|Posted on December 5, 2018 at 1:05 AM|
Now these Jews were more noble than those in Thessalonica; they received the word with all eagerness, examining the Scriptures daily to see if these things were so. Acts 17:11 ESV
Some of the Christian music I listen to is for worship and some of the other Christian music I listen to is for clean entertainment. This article is not intended to help us distinguish between these two, though that would be a useful article. The intent of this article is instead to encourage us how to make a distinction between that which calls itself Christian and that which merely has the Christian label attached to it but fails to be so.
I will be completely honest, if you look at my digital music library you will find worship music like the Getty’s, “In Christ Alone”. However, you will also find contemporary Christian music like Toby Mac and NF, artists which many of you have never heard. I even have an album by Johnny Cash, all because I wanted his song, “God’s Gonna Cut You Down”. A great song about Johnny’s own sinful lifestyle, God calling him out of that life, and to call others out of that life to come to Christ. These last few artists I would consider to be music entertainment rooted in a Christian worldview. So, I am not coming from the perspective that all contemporary Christian music is bad. Yet, there are music artists that are being played on contemporary Christian radio, that at best, reject essential Christian doctrine, and at worst, are not even Christian. Philips, Craig, and Dean are a trio who oddly enough reject the Trinity, Pentatonix is a talented group but have members who are openly homosexual, and Matt Maher is not only a practicing Catholic but leads worship and teaches as a minister in the Roman Catholic historic tradition that is directly opposed to the gospel. These are only a few of the popular artists that come to my mind who have been regularly played on Christian radio for years.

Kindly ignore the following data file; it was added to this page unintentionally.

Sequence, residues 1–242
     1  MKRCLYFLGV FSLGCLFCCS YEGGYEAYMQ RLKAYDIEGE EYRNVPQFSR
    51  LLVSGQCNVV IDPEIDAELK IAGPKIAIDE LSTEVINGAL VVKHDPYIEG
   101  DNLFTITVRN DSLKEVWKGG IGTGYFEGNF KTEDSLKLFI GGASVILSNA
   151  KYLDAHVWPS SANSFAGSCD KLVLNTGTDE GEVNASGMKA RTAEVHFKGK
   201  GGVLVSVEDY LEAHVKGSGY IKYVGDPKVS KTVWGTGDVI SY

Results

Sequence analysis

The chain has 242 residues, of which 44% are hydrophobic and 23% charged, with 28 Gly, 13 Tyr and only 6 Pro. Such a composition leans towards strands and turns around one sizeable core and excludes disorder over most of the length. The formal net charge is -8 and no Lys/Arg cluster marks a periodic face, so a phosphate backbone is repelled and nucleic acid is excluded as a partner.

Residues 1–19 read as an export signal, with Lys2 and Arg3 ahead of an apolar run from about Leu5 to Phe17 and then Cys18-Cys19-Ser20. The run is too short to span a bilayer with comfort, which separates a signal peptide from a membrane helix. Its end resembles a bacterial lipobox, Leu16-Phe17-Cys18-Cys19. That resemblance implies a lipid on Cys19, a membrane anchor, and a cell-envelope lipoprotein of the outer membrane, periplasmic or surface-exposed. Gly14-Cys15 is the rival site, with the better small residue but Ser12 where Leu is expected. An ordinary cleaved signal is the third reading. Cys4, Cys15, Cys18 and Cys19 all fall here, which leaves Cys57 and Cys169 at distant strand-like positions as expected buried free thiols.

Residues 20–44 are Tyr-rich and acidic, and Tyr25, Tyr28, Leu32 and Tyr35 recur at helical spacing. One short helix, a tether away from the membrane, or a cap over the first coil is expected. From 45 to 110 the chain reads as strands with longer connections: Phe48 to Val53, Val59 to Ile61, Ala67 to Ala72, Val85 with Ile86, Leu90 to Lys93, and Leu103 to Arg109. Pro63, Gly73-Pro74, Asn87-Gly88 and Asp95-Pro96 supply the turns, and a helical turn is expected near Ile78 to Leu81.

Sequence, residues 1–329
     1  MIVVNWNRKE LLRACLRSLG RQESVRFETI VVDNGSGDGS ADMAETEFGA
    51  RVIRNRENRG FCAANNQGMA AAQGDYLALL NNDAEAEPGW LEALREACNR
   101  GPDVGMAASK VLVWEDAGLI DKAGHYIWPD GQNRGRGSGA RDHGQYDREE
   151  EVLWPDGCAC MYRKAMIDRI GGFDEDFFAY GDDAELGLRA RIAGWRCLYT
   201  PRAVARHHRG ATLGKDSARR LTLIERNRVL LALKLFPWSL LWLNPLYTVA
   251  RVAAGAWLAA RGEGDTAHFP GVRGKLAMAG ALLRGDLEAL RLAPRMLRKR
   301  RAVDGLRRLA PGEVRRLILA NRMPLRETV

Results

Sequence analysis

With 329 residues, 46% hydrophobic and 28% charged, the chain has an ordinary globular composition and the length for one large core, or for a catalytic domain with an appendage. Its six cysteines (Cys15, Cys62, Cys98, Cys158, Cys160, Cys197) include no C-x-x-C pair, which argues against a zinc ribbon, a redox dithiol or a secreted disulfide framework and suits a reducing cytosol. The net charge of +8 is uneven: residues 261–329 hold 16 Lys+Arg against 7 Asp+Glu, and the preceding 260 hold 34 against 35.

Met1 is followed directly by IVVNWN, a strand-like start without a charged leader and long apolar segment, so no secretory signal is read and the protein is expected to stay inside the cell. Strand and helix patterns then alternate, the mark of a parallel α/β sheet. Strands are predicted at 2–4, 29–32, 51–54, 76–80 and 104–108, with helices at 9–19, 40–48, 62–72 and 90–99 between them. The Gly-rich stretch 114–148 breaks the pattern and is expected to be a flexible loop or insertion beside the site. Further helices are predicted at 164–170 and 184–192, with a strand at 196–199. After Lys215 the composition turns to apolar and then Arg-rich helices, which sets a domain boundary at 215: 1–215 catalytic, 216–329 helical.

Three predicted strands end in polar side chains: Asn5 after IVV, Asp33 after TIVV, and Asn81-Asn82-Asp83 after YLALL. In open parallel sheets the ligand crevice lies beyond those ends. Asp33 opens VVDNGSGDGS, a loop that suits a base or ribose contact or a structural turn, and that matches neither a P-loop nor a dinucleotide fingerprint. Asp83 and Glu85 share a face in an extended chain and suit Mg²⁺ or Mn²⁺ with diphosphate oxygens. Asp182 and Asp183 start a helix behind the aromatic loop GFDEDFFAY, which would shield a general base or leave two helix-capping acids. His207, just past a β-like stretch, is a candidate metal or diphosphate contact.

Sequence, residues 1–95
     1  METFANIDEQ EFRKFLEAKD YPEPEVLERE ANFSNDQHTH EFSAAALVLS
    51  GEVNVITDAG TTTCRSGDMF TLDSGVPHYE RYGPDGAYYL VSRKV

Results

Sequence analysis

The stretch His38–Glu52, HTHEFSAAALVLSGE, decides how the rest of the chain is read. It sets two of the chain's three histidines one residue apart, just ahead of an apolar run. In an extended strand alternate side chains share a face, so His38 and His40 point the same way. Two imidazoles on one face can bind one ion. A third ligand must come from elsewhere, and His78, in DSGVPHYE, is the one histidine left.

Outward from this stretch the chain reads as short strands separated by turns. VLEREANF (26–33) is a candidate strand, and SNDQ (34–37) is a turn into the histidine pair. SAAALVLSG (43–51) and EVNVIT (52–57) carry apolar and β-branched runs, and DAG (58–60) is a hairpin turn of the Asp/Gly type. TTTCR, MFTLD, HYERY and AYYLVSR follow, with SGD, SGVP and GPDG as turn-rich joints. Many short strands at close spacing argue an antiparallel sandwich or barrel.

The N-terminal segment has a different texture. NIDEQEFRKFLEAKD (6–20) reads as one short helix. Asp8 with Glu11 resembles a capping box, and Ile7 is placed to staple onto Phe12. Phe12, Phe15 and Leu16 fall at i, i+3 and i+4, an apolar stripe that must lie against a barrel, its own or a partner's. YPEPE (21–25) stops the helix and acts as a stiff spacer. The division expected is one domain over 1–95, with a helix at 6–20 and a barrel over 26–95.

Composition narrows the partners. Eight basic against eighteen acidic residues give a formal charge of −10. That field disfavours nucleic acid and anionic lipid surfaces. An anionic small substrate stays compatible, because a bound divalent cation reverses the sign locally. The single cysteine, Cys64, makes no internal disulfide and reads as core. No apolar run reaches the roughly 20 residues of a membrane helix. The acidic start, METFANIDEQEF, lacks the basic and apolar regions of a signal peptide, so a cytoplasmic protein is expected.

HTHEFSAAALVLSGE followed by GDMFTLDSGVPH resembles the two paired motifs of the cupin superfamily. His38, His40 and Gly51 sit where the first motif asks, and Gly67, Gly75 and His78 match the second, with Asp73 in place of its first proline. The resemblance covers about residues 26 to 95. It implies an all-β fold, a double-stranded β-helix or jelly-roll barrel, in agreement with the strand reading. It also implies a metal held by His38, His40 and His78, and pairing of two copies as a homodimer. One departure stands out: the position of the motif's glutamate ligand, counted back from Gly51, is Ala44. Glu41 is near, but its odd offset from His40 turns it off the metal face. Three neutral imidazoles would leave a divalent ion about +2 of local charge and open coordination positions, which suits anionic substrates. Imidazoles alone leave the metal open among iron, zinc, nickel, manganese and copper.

Most recently in the news is Lauren Daigle, a woman bearing the Christian label, and has a recently sky rocketing career not only in Christian circles but also in the secular music world. Her music is sung every Sunday morning in churches around the world. Her recent album debuted at number 3 on the Billboard 100, she appeared on The Tonight Show with Jimmy Fallon, and was on the Ellen Degeneres Show. Some Christians are celebrating her being welcomed by the world with open arms. What some are now concerned about is her recent response to a question on a radio show. The host asked, “Do you feel homosexuality is a sin?” Lauren’s response:
“I can’t honestly answer on that. In a sense, I have too many people that I love that they are homosexual. I don’t know. I actually had a conversation with someone last night about it. I can’t say one way or the other. I’m not God. So, when people ask questions like that…that’s what my go to is. I just say read the Bible and find out for yourself. And when you find out let me know, because I’m learning too.”